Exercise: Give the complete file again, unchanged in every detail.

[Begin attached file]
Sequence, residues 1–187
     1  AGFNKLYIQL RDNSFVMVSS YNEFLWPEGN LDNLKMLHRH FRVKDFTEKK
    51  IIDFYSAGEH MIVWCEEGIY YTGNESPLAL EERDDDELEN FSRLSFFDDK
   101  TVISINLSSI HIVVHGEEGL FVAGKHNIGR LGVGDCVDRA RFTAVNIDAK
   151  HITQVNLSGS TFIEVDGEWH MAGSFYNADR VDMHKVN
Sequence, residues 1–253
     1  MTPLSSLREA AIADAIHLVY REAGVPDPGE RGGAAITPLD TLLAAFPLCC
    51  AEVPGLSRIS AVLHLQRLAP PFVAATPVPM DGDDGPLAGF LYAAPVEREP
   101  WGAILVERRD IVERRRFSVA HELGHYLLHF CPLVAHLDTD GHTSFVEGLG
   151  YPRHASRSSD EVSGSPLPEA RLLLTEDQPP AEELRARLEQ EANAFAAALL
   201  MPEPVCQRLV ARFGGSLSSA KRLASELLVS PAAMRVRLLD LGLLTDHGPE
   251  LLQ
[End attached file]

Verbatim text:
Sequence, residues 1–187
     1  AGFNKLYIQL RDNSFVMVSS YNEFLWPEGN LDNLKMLHRH FRVKDFTEKK
    51  IIDFYSAGEH MIVWCEEGIY YTGNESPLAL EERDDDELEN FSRLSFFDDK
   101  TVISINLSSI HIVVHGEEGL FVAGKHNIGR LGVGDCVDRA RFTAVNIDAK
   151  HITQVNLSGS TFIEVDGEWH MAGSFYNADR VDMHKVN
Sequence, residues 1–253
     1  MTPLSSLREA AIADAIHLVY REAGVPDPGE RGGAAITPLD TLLAAFPLCC
    51  AEVPGLSRIS AVLHLQRLAP PFVAATPVPM DGDDGPLAGF LYAAPVEREP
   101  WGAILVERRD IVERRRFSVA HELGHYLLHF CPLVAHLDTD GHTSFVEGLG
   151  YPRHASRSSD EVSGSPLPEA RLLLTEDQPP AEELRARLEQ EANAFAAALL
   201  MPEPVCQRLV ARFGGSLSSA KRLASELLVS PAAMRVRLLD LGLLTDHGPE
   251  LLQ